02/02/2017 01:42 EST

Brad Trost Brags About Voting Against ‘Gender Equality Week'

The bill passed by a vote of 287-1.

A Conservative leadership hopeful claims he was fighting back against the “radical, looney left” when he became the only MP to vote against a private member’s bill to establish a “Gender Equality Week.”

Saskatchewan MP Brad Trost made the comment in an email to supporters Thursday, with the subject line: “YEAS: 287, NAYS: 1.”

Those numbers represent the recorded vote from the night before on Bill C-309, introduced by Liberal MP Sven Spengemann, which seeks to have the first week in October designated as a celebration of gender equality.

Brad Trost speaks at a Conservative leadership debate in Greely, Ont., on Nov. 13, 2016. (Photo: Fred Chartrand/CP)

Seventy-two of Trost’s Conservative colleagues voted for the bill, including interim leader Rona Ambrose and leadership candidates Michael Chong, Maxime Bernier, and Erin O’Toole. Twenty-four other Tory MPs did not vote, either by choice or because they were not in attendance, including leadership candidates Andrew Scheer, Steven Blaney, Kellie Leitch, Deepak Obhrai, and Lisa Raitt.

Trost, an avowed social conservative, said in the release that he couldn’t support the bill because it contained a “full-meal-deal of cringe-worthy, left-wing grievances and theories.”

He included the full text of the bill in his message and asked supporters to read it themselves.

“Instead of asking why I refuse to support this left-wing grudge list, ask yourself how any principled conservative would — or could — support it, and still look themselves in the mirror,” Trost said.

Spengemann’s bill contains a lengthy preamble that notes “challenges faced by Canadian women” — including a wage gap and gender-based violence — are also experienced “by individuals of minority gender identity and expression.”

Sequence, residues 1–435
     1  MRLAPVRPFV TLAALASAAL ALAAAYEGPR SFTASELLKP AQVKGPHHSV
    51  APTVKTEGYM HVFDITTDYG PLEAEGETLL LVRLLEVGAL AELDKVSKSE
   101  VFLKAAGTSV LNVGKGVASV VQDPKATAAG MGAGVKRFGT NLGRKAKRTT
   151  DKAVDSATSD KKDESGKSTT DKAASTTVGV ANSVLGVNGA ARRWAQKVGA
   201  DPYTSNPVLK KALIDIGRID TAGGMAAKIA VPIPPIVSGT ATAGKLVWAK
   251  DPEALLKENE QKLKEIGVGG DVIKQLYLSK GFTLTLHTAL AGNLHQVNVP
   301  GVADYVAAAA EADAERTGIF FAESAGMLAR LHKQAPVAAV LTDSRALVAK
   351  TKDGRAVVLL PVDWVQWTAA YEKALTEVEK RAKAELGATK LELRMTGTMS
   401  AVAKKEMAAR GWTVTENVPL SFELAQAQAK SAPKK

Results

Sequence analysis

"Instead of asking why I refuse to support this left-wing grudge list, ask yourself how any principled conservative would — or could — support it, and still look themselves in the mirror."

The bill states “poverty and inequality disproportionately affect Canadian women, particularly elderly, disabled, transgender and visible minority women, leaving them isolated and vulnerable.”

C-309 acknowledges how transgender women in visible minority groups are at an increased risk of isolation and violence. It also spells out how indigenous women are “disproportionately affected by gender-based violence and sexual exploitation,” and face barriers to education and employment.

The bill will be read a second time and referred to the standing committee on the Status of Women.

Trost against transgender rights bill

When Spengemann tabled the bill in September, he told the House a gender equality week would present an opportunity to address challenges faced by Canadian women and “individuals of minority gender identity and expression.”

Spengemann said the bill would also “underscore the role men need to play to establish a gender-equal society in Canada.”

This is not the first time Trost has railed against a bill discussing the challenges faced by transgender Canadians. He is a vocal critic of Liberal government’s transgender rights Bill C-16, tabled last spring, which seeks to make it illegal under the Canadian Human Rights Act to discriminate on the basis of gender identity or expression.

Though the bill easily passed second reading in the House in October by a vote of 248 to 40, it has sparked division among Tories.


Trost and Scheer were the only Tory leadership candidates to vote against C-16. Former MP Pierre Lemieux, also running for Conservative leader, has pledged to repeal it.

Chong, Bernier, O’Toole, Obhrai, Raitt, and Blaney all voted to support C-16.

Prominent Tory MP Michelle Rempel also delivered an emotional speech to the House in November in which she said she was wrong to have previously voted against similar legislation.

“I believe in the capacity of my colleagues across party lines to be compassionate, to be strong, to stand up for Canada, and to stand up for what is good, what is just and what is beautiful,” Rempel said at the time.

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